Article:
I’ve often experienced people as places, in which conversing is a kind of traveling. Often the place a person conjures is subtle, but occasionally someone enters the plane of existence as a prairie one unexpectedly encounters while walking along a street riddled with familiar chattering. So it was with one of the tea drinkers at the café: he sat by the store front window that lets in the light of the three-story brick building on the corner. Cowboy hat, boots, and the rhythms of a near-ancient sound: keys on a typewriter. A poet and artist, he sat and wrote – beat poems, lightly bound books thick with pages, ink drawings, captured conversations, and paintings of owls. Throughout the winter, we served him Snow Monkey Plum and Tibetan Raspberry tea; in summer the same, but iced. His table was a philosophical hub we dropped by on our breaks, before and after shifts, to type, to converse, to listen – a place of wildness in the midst of the city.
After work one day, I asked the artist about a kind of tea he liked to drink. He described the Chaga mushrooms found on birch trees; he used to hike for them while living in the mountains of North Carolina. Chaga forms in colder climates and is used medicinally as a treatment for cancer (particularly in Russia, Eastern Europe, China, Japan, and North Korea), akin to radiation or chemotherapy, but without the side effects. While the healing compound (betulin) is found in birch itself, the birch’s bark is indigestible; however, it can be extracted from the Chaga fungus in a digestible form. Chaga is quite thick and can be grated into a powder to make a coffee-looking drink, though either hot water or fermenting extract methods are required if one wants to use this fungus medicinally.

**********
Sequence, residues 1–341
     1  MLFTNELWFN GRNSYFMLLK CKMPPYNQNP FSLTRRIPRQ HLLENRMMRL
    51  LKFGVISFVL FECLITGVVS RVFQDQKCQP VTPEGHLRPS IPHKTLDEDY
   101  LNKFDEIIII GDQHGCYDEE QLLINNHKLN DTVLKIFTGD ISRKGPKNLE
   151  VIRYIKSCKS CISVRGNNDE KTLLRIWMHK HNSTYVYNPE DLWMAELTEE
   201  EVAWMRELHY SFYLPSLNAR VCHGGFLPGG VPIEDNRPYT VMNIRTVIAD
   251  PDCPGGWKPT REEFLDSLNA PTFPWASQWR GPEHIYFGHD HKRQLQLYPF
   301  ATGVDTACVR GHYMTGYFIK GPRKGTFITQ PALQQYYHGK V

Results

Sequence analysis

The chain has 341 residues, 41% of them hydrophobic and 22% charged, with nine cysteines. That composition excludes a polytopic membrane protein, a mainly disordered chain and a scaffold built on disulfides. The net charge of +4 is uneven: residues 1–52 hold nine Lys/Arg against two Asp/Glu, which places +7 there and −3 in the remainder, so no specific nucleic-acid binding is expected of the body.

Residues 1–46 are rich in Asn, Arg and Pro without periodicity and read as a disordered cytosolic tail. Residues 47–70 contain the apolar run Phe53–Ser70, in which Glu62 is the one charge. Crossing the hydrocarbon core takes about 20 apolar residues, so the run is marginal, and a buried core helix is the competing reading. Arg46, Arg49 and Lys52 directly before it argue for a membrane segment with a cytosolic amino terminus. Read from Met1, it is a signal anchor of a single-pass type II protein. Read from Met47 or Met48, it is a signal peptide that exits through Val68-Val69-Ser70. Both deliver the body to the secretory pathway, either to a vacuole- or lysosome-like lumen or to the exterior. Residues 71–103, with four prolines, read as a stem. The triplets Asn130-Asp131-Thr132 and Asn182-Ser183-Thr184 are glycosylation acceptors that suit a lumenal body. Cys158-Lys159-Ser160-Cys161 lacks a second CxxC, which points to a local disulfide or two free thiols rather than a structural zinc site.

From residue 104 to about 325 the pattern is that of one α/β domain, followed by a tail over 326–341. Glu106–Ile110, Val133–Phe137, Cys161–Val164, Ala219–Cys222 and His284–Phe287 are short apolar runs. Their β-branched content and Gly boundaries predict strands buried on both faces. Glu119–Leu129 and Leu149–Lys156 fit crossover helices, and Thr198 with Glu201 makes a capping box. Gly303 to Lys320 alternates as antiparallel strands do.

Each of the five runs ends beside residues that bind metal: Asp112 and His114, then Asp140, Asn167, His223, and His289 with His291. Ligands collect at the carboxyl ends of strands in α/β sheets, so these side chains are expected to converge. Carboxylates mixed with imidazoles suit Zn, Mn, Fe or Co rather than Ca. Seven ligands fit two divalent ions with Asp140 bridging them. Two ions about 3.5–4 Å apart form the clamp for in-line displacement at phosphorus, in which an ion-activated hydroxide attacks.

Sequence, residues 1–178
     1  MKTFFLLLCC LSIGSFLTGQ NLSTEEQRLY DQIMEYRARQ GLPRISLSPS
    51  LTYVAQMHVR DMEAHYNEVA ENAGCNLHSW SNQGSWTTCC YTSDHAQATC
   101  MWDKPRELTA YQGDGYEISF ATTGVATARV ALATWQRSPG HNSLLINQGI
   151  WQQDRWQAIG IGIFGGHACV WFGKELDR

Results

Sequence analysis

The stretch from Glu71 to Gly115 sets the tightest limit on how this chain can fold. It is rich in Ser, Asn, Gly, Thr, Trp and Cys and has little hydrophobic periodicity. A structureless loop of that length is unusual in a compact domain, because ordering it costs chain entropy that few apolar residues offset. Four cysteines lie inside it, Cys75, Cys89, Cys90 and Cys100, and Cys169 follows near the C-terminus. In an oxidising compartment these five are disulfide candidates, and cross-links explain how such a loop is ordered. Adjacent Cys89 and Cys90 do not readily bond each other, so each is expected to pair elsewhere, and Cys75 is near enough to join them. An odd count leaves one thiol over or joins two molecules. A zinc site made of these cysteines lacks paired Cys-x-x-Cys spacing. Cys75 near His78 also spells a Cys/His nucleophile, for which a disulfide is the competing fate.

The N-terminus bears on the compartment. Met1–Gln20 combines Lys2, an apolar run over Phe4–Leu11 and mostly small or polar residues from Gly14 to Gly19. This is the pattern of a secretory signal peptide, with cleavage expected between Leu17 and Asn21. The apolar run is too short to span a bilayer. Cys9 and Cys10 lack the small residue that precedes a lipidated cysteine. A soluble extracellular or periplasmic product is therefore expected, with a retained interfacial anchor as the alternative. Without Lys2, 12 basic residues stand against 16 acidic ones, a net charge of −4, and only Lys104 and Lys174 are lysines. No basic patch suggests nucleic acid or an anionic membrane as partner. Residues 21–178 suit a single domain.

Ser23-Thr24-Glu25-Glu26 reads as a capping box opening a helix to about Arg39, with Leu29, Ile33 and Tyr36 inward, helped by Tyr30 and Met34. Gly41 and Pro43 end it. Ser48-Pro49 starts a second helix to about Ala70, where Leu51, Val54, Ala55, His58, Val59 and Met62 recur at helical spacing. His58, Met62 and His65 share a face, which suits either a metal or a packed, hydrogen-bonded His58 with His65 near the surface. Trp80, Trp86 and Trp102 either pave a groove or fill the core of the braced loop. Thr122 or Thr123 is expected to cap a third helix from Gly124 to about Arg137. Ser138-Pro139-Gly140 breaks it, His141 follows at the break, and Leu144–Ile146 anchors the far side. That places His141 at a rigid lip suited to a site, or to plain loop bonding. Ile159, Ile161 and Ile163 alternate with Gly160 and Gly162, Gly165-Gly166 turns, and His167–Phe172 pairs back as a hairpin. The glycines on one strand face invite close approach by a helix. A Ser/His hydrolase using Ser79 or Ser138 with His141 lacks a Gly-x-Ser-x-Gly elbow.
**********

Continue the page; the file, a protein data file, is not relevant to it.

The poet also recommended Turkey Tail, or, more eloquently, Trametes Versicolor. He showed me photographs of this prolific mushroom – its gorgeous colors and texture reminded me of underwater coral. This mushroom is a medicinal against cancer as well (particularly in Chinese medicine) and is also good as a general body detox. He told me it makes a tea useful for seasonal transitions; he composes huge batches and saves some for colder months. He sometimes adds southern Ginseng, indigenous to southern China, Vietnam, South Korea, and Japan. Jiaogulan decreases cancer growth as well, being an antioxidant to help strengthen immunity and increase longevity. He brews it for at least two hours (sometimes four to six), adding cinnamon and honey to taste. He suggested various additions for different times of the day (perhaps another element of tea’s sensitivity to transitions): Jasmine in the morning, Siberian MotherWort in the afternoon, and Mammoth Tooth in the evening – for dreams.
In the mountains of North Carolina, the poet was studying Taoism so a knowledge of teas used in Chinese medicine seemed natural. He is of many places, though, and he brings them to us through words written and spoken. There’s an air about him that reminds me of ancient Buddhist “twilight” texts passed down through whispers, too sacred to be recorded. He tells us about wildflowers and teas in the midst of a city street or vinyl night at the bar, and in doing so, conjures older geographies, draws distant histories nearer, brings elsewhere to the here and now, momentarily.
The photo is courtesy of Ashley Nicole Meyer.